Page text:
Under current law, foreign banks may open a representative office, a state-supervised agency, a state-chartered branch, or a commercial lending company in the United States solely upon any necessary approval of the appropriate state regulator.
The improvement Act requires the Federal Reserve Board, in addition to the appropriate state regulator, to approve the opening of a representative office, a state-supervised agency, a state-chartered branch or a commercial lending company subsidiary in the United States.
In evaluating a foreign bank's application for approval, the Fed could consider whether:
* The foreign bank engages directly in banking outside of the United States.
* The foreign bank is subject to comprehensive supervision or regulation on a consolidated basis by the appropriate authorities in its home country.
* The home country regulator has approved the foreign bank's United States office.
* The financial and managerial resources of the foreign bank - including the competence, experience, and integrity of the bank's officers, directors and principal shareholders.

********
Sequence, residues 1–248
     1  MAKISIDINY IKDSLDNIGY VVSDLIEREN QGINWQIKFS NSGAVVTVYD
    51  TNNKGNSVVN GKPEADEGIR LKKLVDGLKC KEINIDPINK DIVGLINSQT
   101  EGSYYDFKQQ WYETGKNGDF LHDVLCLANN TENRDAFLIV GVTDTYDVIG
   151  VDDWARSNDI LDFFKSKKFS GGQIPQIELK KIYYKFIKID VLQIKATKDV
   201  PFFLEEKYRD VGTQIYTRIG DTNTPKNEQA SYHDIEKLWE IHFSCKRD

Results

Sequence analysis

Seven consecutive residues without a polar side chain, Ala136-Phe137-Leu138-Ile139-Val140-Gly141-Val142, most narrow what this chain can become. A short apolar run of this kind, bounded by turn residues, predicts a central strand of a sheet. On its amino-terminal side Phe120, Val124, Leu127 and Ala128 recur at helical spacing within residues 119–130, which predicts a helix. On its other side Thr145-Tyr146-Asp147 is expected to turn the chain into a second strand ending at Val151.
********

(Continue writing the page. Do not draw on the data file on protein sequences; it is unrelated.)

* There are adequate assurances with respect to the availability of information to the Federal Reserve Board.
* The foreign bank and its affiliates are in compliance with United States laws.
The act specifically authorizes the Federal Reserve Board to "impose such conditions" on its approval as it deems necessary. Although it is difficult to predict what types of conditions the Fed will impose, such conditions are virtually certain to be onerous from the point of view of foreign banks. And they are likely to be more onerous than those heretofore imposed by the states.
The authority to require adequate assurances with respect to information provides the Federal Reserve Board with virtually unlimited discretion to extract worldwide information from foreign banks with only a minimal presence in the United States. Although it is dificult to predict how the Fed will exercise this new power, there is a significant possibility that, following BCCI, the Fed staff will be quite aggressive in the type and breadth of information it requests from foreign banks.